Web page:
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How To Fill Out A Living Will Form In Georgia

Living Will Form Georgia - Georgia Living Will Form - Living Will Georgia

Without a living will form in Georgia, you risk:

  • Doctors making decisions for you
  • Getting treatments that go violate your religion
  • Being left on life support
  • The wrong family members making medical decisions

This article will go over:

  • what is a living will form and how it’s different than a will
  • step-by-step instructions for filling out a living will form in Georgia

So, let’s dig in.

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What Is A Living Will Form In Georgia?

A Georgia living will form is also called an advance directive

Georgia’s living will forms allow people to express what they want from end-of-life medical care. 

They are able to give direction on the type of medical care they do or do not want

Living will forms in Georgia do not go into effect until you are incapacitated. 

Meaning that you have lost cognitive functions and are not of sound mind.

When this happens, you need to be able to communicate your wishes. 

For example, let’s say you become terminally ill and go into a coma. 

You would be unable to tell the doctors what type of medical treatment you prefer. 

So, they are free to do as they see fit

These decisions that doctors make for you could go against your religion, values, and desires.

What if you got into a major accident and became incapacitated?

Doctors will consult a living will to determine if the patient wants life-sustaining treatment. 

This could be assisted breathing or a feeding tube

If there is no last will and testament, medical decisions are made by the:

  • spouse
  • family members
  • other third parties

If it’s an emergency situation, or no family is present, the doctors will make the decisions

This is why you need to appoint a health care agent with your living will in Georgia.

Living Will Definition

A living will is defined as a written statement detailing a person’s desires for medical treatment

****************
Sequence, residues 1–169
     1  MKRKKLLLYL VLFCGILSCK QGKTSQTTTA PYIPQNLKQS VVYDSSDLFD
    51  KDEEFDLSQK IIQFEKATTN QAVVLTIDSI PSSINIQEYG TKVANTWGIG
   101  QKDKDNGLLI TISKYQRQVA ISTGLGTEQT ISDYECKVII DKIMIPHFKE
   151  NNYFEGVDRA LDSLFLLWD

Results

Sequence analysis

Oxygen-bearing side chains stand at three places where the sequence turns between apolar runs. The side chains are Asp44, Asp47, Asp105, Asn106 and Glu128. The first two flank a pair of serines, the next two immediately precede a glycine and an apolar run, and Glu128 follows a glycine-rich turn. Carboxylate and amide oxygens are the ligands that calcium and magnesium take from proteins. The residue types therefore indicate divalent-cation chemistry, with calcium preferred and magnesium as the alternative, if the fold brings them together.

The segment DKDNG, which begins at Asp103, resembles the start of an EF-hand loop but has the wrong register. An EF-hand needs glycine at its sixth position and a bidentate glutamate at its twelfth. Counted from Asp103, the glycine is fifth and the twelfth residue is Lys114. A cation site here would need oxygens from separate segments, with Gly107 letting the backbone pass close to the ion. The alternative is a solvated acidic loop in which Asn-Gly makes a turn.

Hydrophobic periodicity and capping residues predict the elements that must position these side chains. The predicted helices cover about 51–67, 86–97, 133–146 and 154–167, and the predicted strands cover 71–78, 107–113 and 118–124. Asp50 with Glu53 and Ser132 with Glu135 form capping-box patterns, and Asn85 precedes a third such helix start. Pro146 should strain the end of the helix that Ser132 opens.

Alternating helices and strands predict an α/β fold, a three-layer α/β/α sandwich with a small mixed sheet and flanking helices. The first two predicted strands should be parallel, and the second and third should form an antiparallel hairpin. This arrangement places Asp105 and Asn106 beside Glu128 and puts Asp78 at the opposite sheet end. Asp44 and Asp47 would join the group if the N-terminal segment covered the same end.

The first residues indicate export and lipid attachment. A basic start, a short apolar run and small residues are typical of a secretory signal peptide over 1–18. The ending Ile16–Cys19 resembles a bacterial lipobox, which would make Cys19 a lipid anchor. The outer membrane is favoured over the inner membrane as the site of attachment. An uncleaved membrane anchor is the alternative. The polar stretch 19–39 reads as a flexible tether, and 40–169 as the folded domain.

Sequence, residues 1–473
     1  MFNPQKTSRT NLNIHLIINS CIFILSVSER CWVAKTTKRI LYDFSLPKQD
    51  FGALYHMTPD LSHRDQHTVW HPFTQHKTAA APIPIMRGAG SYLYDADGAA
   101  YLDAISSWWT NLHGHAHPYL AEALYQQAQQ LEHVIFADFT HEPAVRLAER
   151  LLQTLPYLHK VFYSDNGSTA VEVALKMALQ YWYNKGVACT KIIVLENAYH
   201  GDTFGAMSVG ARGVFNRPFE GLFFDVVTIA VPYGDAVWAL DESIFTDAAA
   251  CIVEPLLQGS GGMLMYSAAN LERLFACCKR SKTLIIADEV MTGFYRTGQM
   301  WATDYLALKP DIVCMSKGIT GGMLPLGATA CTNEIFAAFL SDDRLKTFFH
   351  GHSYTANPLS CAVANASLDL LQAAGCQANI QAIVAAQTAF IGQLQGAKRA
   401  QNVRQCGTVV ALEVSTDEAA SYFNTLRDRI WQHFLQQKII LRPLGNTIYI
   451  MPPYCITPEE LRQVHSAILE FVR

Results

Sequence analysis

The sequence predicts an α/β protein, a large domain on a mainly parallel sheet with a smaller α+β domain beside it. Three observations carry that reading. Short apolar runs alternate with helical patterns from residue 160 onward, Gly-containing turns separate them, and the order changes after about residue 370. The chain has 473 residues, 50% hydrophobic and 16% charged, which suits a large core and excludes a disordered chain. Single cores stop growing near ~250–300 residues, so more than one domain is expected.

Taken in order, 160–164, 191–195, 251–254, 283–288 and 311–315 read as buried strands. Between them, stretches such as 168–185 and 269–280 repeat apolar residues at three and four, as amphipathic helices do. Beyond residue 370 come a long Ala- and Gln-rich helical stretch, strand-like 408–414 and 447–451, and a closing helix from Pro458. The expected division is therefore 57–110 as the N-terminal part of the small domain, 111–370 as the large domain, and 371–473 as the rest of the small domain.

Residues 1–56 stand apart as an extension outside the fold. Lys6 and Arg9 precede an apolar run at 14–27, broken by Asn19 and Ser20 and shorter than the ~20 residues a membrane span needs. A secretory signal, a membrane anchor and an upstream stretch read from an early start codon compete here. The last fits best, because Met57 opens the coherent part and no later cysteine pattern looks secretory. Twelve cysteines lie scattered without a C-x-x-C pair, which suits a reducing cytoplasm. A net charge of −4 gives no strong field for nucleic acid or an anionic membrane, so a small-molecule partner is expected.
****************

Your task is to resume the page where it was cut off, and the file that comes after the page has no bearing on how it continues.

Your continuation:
Doctors refer to your living will form when you’re not able to express informed consent. 

A living will is a document allowing you to die rather than be kept alive. 

In this case, “being kept alive” means living on feeding tubes and breathing machines

But it only gets references if you are disabled beyond a reasonable expectation of recovery.

What Is A Living Will And Why Is It Important To Have One?

A living will form in Georgia is a legal document that doctors HAVE to follow. 

It explains the type of medical care and medical procedures you want. 

And your Georgia living will form gets used when you have a terminal condition.

Meaning you’re unable to communicate your desires for life-sustaining procedures. 

This could be due to an accident, severe illness, dementia, or a coma

It also guides your family on how to make healthcare decisions about your end of life. 

Maybe you told your family you don’t want to be in a persistent vegetative state. 

But they cannot bring themselves to execute your wishes. 

A living will form gives the doctors the proper guidance you’d want them to have. 

And doesn’t leave the decisions you need to be made up to emotions.

Or by the attending physician who may not agree with your desires.

Under Georgia law, the attending physician can do what they want.

Unless you have a Georgia advance directive for health care that gives direction.

How To Fill Out A Living Will Form In Georgia

This section is a step-by-step walkthrough to fill out our living will form template.

(Fill out the form on this page to get access to our living wills.)

1. Fill out your information.

This is going to be your full legal name, address, and date.

Dating a Georgia advance directive for healthcare is very important.

Let’s say you also have a medical power of attorney that was previously created.

Dating these legal documents tells doctors which one is the most up-to-date.

2. Choose your healthcare agent.

You will be choosing a healthcare agent to make decisions about:

  • medical procedures
  • healthcare decisions
  • medical treatments
  • end of life
  • life-sustaining procedures
  • feeding tubes and hydration
  • organ donations
  • treatment preferences
  • funeral
  • burial or cremation

Some more notes on your agent:

  • the medical care providers involved in your treatment cannot be your agent
  • a divorce or annulment will revoke healthcare agent duties from a current spouse
  • entering into a marriage will automatically revoke old agents
  • a new spouse will automatically become your new healthcare agent

While it’s not mandatory, you need to also choose a backup agent.

A backup healthcare agent shall get used if your healthcare agent:

  • cannot get contacted in a reasonable amount of time
  • cannot be located with reasonable efforts
  • s unavailable or unable or unwilling to act as my health care agent

This backup agent can be family members or an estate planning attorney.

For either agent, you will need their full legal name, address, and telephone number.

3. Select the powers of your healthcare agent after death.

Your Georgia living will form decides end-of-life medical decisions.